Generations ago, the American Indian Osage tribe was compelled to move. Not for the first time, white settlers pushed them off their land in the 1800s.They made their new home in a rocky, infertile area in northeast Oklahoma in hopes that settlers would finally leave them alone.
As it turned out, the land they had chosen was rich in oil, and in the early 20th century, members of the tribe became spectacularly wealthy. They bought cars and built mansions; they made so much oil money that the government began appointing white guardians to “help” them spend it.
And then Osage members started turning up dead.
In his new book, Killers of the Flower Moon, David Grann describes how white people in the area conspired to kill Osage members in order steal their oil wealth, which could only be passed on through inheritance. “This was a culture of complicity,” he says, “and it was allowed to go on for so long because so many people were part of the plot. You had lawmen, you had prosecutors, you had the reporters who wouldn’t cover it. You had oilmen who wouldn’t speak out. You had morticians who would cover up the murders when they buried the body. You had doctors who helped give poison to people.”
On how the conspiracy worked
What makes these crimes so sinister is that it involved marrying into families. It involved a level of calculation and a level of betraying the very people you pretended to love. And the way these murders would take place is that people would marry into the families and then begin to kill each member of the family. … That’s exactly what happened to [Osage woman Mollie Burkhart]. She had married a white man, and his uncle was the most powerful settler in the area. He was known as the King of the Osage Hills … and he had orchestrated a very sinister plot played out over years where he directed his nephew, who had married Mollie Burkhart, to marry her so that he could then begin to kill the family members one by one and siphon off all the wealth.
On how Mollie Burkhart’s family was killed
One day in 1921, her older sister disappeared and Mollie looked everywhere for her and couldn’t find her. And about a week later, her body was found essentially in a ravine, decomposed. She’d been shot in the back of the head.
Then just a few weeks later, Mollie’s mother began to grow increasingly sick. She seemed to be almost disappearing, withering in front of her. And within two months she, too, had died. And evidence later suggested that she had been secretly poisoned.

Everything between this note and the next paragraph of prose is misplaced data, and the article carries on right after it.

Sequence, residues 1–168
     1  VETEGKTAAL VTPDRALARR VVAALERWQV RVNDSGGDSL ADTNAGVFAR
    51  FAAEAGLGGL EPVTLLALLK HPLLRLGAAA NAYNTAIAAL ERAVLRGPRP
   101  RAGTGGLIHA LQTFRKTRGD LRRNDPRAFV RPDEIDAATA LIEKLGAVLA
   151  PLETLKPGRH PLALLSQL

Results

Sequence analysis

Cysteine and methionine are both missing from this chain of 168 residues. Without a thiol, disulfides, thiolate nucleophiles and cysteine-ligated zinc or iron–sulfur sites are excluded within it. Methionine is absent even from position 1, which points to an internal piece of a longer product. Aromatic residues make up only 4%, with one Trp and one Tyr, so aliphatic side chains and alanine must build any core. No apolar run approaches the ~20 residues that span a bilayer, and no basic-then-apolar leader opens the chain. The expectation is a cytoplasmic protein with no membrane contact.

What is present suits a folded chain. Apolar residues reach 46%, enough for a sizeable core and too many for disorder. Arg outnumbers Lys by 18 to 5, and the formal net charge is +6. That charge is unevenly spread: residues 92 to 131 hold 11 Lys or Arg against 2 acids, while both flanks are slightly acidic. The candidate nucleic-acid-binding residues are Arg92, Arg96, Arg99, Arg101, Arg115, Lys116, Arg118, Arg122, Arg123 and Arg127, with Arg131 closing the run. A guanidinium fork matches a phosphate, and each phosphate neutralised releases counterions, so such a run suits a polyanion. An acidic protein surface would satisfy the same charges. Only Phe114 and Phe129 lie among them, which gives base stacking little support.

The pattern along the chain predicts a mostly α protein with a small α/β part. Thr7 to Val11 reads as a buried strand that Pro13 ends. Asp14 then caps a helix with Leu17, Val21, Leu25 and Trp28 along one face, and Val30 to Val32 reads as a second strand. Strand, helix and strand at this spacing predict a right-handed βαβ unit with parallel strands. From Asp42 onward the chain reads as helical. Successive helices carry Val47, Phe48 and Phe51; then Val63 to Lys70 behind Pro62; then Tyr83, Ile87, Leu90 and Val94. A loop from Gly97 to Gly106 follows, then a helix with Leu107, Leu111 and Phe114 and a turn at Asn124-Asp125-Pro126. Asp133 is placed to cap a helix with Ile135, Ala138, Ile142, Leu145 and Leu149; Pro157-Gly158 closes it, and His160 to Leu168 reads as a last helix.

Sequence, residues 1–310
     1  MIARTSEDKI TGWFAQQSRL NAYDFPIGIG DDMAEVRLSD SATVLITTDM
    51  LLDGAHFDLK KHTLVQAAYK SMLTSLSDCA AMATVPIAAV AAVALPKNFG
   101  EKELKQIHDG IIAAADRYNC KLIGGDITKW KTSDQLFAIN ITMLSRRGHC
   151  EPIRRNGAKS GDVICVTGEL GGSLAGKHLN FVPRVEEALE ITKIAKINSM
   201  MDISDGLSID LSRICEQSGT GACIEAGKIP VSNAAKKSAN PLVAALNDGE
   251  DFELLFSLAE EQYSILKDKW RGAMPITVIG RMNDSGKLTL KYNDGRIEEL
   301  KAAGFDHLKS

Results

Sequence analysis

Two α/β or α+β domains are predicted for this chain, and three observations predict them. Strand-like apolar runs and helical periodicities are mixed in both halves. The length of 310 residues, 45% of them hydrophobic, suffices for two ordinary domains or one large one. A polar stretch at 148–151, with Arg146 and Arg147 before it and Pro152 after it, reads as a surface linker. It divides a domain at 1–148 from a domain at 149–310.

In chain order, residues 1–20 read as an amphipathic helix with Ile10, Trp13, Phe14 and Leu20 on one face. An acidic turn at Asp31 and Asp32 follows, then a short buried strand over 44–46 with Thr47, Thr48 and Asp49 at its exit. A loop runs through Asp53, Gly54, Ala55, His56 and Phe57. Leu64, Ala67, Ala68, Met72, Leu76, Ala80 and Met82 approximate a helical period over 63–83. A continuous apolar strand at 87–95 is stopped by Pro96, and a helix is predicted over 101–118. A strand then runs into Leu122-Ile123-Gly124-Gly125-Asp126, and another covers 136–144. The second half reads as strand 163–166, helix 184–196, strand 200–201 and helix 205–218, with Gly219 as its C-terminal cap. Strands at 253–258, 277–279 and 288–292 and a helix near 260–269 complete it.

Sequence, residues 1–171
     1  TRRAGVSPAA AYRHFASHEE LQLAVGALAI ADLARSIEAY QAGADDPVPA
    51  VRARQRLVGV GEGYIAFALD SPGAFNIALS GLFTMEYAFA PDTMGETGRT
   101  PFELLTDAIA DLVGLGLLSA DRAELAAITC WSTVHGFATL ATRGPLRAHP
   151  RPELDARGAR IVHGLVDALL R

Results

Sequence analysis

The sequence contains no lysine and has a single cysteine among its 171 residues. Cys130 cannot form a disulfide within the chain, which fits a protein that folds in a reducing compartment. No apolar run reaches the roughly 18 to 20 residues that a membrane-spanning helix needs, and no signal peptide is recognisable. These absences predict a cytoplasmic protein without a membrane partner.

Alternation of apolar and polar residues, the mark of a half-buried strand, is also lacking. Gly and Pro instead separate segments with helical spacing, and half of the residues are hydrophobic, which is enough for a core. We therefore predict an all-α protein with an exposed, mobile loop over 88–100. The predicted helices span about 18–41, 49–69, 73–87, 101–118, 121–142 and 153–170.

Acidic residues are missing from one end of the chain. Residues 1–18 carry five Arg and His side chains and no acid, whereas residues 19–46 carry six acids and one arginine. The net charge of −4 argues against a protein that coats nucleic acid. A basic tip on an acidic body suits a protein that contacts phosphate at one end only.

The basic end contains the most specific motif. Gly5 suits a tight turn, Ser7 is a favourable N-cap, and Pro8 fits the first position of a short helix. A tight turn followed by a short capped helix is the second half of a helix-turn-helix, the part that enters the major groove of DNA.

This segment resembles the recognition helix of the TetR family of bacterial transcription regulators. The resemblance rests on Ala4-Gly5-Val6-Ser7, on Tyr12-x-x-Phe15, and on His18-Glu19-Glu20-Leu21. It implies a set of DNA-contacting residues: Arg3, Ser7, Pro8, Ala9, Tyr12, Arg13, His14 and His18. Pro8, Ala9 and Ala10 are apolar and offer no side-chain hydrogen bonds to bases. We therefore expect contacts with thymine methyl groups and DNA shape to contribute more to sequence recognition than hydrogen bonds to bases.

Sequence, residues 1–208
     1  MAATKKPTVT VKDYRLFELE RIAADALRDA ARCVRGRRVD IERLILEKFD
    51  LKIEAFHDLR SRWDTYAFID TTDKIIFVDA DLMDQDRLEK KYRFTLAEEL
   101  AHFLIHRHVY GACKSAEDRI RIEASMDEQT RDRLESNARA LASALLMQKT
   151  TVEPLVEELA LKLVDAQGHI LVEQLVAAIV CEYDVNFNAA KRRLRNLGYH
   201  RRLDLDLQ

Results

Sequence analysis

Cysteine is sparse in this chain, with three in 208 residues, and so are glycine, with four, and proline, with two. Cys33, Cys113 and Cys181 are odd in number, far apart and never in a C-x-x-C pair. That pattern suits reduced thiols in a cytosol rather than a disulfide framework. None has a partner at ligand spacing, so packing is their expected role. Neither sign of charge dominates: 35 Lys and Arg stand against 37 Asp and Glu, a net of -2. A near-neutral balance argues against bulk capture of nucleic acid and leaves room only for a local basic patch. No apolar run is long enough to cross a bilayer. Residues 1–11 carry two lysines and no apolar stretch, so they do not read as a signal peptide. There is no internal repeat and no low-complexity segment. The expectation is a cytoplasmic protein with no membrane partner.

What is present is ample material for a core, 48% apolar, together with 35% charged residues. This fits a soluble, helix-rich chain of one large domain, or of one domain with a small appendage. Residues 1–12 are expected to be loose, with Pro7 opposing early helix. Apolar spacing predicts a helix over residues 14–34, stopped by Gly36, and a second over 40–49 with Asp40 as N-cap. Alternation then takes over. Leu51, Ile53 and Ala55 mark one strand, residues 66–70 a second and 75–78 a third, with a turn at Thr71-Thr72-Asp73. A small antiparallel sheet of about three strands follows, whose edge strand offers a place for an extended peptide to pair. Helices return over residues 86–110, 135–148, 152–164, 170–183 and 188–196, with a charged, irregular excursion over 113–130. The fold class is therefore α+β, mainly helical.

Not long after that, Mollie was sleeping in her bed in her house with her white husband; they had a couple children. And she heard a loud explosion. She got up in panic and terror. … She had another sister who lived not far away, and in the area where her sister’s house was she could see almost this orange fire ball rising into the sky. It almost looked as if the sun had burst into the night. And her sister’s house had been blown up killing that sister as well as her sister’s husband and a servant who lived in that house.
Mollie Burkhart beseeched the authorities to try to investigate, to get help, but because of prejudice they often ignored the crimes. And she issued money for a reward, she hired private investigators, but the crimes for years remained unsolved, and the body count continued to increase. By 1924 there were at least 24 murders alone. …
Finally, the Osage, in desperation, they issued a resolution, a tribal resolution, beseeching the federal authorities to help. And finally a then-very obscure branch of the Justice Department intervened. It was known as the Bureau of Investigation and it was what … would later be renamed the FBI.
On the FBI’s investigation
J. Edgar Hoover … was the new director, and it became one of the FBI’s first major homicide cases that it ever dealt with. … The bureau initially badly bungled the case. … [Hoover] turned the case over to a frontier lawman at the time who finally put together an undercover team that included … probably the only American Indian agent in the bureau at the time. They went undercover. … They were able, through some dogged investigation and at great danger, to eventually capture some of the ringleaders. And those ringleaders included not only Mollie Burkhart’s husband, it also included [his] uncle, a man who was seen as this great protector of the community.
On what the FBI missed in their investigation
The bureau was so anxious to wrap up the case that they ignored many, many other unsolved crimes and many, many other killers. … When you begin to look at the documents and you begin to collect the evidence from the Osage, it becomes abundantly apparent. …
I pulled some of the guardian papers and there was this little booklet that came out. It had a little fabric cover. All it was was essentially identifying the name of a guardian and which Osage they were in charge of. And when I opened up the book, I could see the name of the guardian and when I began to look at the names of the Osage under them I could see written next to many of them simply the word “Dead. Dead. Dead.” It was almost like a ledger; it was like this forensic, bureaucratic accounting.
But when you’re looking at it, you’re beginning to realize you’re looking at hints of a systematic murder campaign, because there’s no way all these people died in a span of just a couple years. It defied any natural death rate. The Osage were wealthy, they had good doctors. … And then when you begin to look into each of those individual cases, you start to find trails of evidence suggesting poisonings, a murder. You start to try to trace the money … and where the wealth went. And what you begin to discover is something even more horrifying than the bureau ever exposed.